Mourners feel the chill wind of loss: John Arlidge reports on the funeral of John Smith which was attended by his family and politicians from the left and the right across Europe

John Arlidge
Friday 20 May 1994 23:02

Politicians from across Europe honoured John Smith at the late Labour leader's funeral in Edinburgh yesterday. Elizabeth Smith, Mr Smith's widow, and their three daughters led 900 mourners, including present and former prime ministers, who gathered in Cluny Parish Church, where Mr Smith worshipped for 30 years.

Outside the church near Mr Smith's Morningside home, 2,000 people from as far away as Cornwall stood in a chill easterly wind, listening to the memorial service relayed by loudspeaker. Thanksgiving services were also held in Birmingham, Bristol, Liverpool, Manchester and London.

In Edinburgh, the hymns and readings reflected the life of a patriotic Scot, who loved the Highlands and said he wanted to be the first prime minister born and bred in Argyllshire. Mourners sang 'I to the Hills Will Lift Mine Eyes' and 'Courage Brother, Do not Stumble'. The 23rd Psalm, 'The Lord is My Shepherd', was heard in Gaelic.

The Rev George Munro, who conducted the service, said natural elements 'were so mixed in John Smith that nature might stand up and say to all the world: This was a man'.

Donald Dewar, Labour's social security spokesman and one of Mr Smith's oldest political friends, paid a personal tribute.

'People know they have lost a friend, someone who was on their side,' he said. Mr Smith 'did not command, he earned respect'.

James Gordon, managing director of Radio Clyde, who met Mr Smith when he was a student at Glasgow University and was best man at his wedding, praised his political achievements. He had, he said, 'prepared himself and Labour for power'.

John Smith 'would have sacrificed anything other than his family or religious beliefs for the Labour Party . . . he was one of us, not one of them.' His achievements 'filled the nation with the sense of the cruelty and injustice of death, taking someone in his prime who was poised to achieve the highest office in the land.'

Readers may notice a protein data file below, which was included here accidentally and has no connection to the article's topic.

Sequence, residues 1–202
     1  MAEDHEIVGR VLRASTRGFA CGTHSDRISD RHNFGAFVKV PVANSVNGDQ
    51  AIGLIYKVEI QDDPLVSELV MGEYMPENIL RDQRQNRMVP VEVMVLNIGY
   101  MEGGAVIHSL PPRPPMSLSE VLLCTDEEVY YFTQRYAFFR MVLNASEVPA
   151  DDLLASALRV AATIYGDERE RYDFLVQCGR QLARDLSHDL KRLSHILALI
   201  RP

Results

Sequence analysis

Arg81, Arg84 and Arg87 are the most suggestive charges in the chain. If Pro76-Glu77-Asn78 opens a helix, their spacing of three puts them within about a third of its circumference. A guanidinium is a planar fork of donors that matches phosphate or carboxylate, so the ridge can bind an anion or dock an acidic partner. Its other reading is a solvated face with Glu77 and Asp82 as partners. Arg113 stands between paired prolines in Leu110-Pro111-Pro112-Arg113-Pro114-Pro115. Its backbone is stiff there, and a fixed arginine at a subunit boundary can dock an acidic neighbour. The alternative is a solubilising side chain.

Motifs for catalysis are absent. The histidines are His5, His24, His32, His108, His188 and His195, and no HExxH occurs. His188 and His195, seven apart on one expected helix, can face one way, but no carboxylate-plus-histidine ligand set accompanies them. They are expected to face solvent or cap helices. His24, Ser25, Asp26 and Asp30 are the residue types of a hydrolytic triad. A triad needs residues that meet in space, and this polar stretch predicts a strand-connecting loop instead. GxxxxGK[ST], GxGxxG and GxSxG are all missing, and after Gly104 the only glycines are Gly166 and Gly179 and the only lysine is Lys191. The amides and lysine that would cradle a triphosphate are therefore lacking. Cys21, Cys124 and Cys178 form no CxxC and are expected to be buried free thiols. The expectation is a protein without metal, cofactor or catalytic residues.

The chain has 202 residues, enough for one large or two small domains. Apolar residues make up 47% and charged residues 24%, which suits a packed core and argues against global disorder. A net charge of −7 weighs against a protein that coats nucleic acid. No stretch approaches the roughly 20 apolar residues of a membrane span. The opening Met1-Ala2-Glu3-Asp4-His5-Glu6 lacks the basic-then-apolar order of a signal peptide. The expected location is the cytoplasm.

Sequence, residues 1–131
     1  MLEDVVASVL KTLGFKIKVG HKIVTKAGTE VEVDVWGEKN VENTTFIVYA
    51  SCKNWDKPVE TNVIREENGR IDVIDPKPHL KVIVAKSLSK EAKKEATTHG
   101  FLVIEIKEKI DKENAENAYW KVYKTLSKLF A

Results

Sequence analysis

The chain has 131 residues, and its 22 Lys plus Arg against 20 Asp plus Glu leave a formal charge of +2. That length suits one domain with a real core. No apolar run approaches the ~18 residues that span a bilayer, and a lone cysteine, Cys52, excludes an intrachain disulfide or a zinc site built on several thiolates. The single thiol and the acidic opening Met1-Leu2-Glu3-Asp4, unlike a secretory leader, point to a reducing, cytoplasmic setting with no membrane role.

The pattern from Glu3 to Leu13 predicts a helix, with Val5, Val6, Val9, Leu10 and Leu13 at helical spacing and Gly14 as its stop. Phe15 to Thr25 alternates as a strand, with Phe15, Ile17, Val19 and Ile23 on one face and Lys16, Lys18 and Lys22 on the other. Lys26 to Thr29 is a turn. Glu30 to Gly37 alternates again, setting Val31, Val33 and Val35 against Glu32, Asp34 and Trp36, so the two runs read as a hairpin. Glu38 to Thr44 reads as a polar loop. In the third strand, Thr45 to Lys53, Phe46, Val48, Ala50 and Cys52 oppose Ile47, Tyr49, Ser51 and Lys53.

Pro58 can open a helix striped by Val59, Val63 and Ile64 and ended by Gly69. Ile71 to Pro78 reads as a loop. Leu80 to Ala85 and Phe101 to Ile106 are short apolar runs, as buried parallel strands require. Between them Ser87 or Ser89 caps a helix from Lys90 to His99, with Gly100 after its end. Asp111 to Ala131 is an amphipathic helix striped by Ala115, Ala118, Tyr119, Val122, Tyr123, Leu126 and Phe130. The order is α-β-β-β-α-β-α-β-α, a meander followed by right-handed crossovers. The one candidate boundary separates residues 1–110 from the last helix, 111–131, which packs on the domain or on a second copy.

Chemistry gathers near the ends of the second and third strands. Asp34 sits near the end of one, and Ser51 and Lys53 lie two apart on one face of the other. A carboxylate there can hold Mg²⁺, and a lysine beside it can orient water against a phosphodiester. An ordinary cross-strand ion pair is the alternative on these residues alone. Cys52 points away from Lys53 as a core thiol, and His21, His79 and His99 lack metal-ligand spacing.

Guests at the service included former political foes as well as leading Labour politicians from Britain and Europe. John Major, the Prime Minister, Malcolm Rifkind, the Secretary of State for Defence, and Sir Norman Fowler, the Tory chairman, joined members of the Shadow Cabinet, including Tony Blair, Gordon Brown and John Prescott, the main leadership contenders.

Paddy Ashdown, the Liberal Democrat leader, and Willy Claes, the Belgian deputy prime minister, sat alongside two former prime ministers, Sir Edward Heath and Michel Rocard of France. The Queen was represented by Lord Callaghan, the former Labour prime minister, and the Prince of Wales by Lord Morris, the Opposition deputy chief whip in the Upper House.

Outside the church, Essex man wept alongside Morningside ladies. John Gurnett, 52, a delivery man from Grays, near Basildon, said he had driven 450 miles to Edinburgh 'just to say 'goodbye' and 'thank you' to a rare leader who gave us hope.

'Throughout the country, from Edinburgh to the South-east of England, everyone is shocked,' he said. 'We all knew that John Smith was the man who would have turned the country round. And for him to pass away so young, before he had chance to show us what he could do is tragic.'

Ernest Tolcher, 65, of Cornwall, said he had come to pay tribute to 'a good Scots Presbyterian who would have restored the moral values of the nation and made our country a fine place for the weak, the poor and the infirm'.

Office workers left for lunch early and schoolchildren took time off from exams to pay their respects. Sophie Gerrard, 16, from George Watson's College said: 'John Smith came to our school and he related well to young people. Everyone knew him around here, you even saw him in Safeway's. Today is just so sad.'

Mr Smith's family had requested that no flowers be sent but friends from Ardrishaig, Mr Smith's home village on the shores of Loch Gilp, and dignatories, including Mr Major, sent floral tributes which were placed beneath a cherry tree in front of the church. One message read: 'A good man, a good socialist. Socialism's loss.' Another read: 'Your country misses you. Our sincere and deepest sympathy. God Bless.'

After the funeral and a reception at Edinburgh's Parliament House, the coffin was taken by road and ferry to the Hebridean island of Iona, the traditional burial ground of Scottish kings. This morning, John Smith's wife, Elizabeth, and their daughters Sarah, 25, Jane, 23 and Catherine, 21, will lay him to rest in a private ceremony there.

(Photographs omitted)

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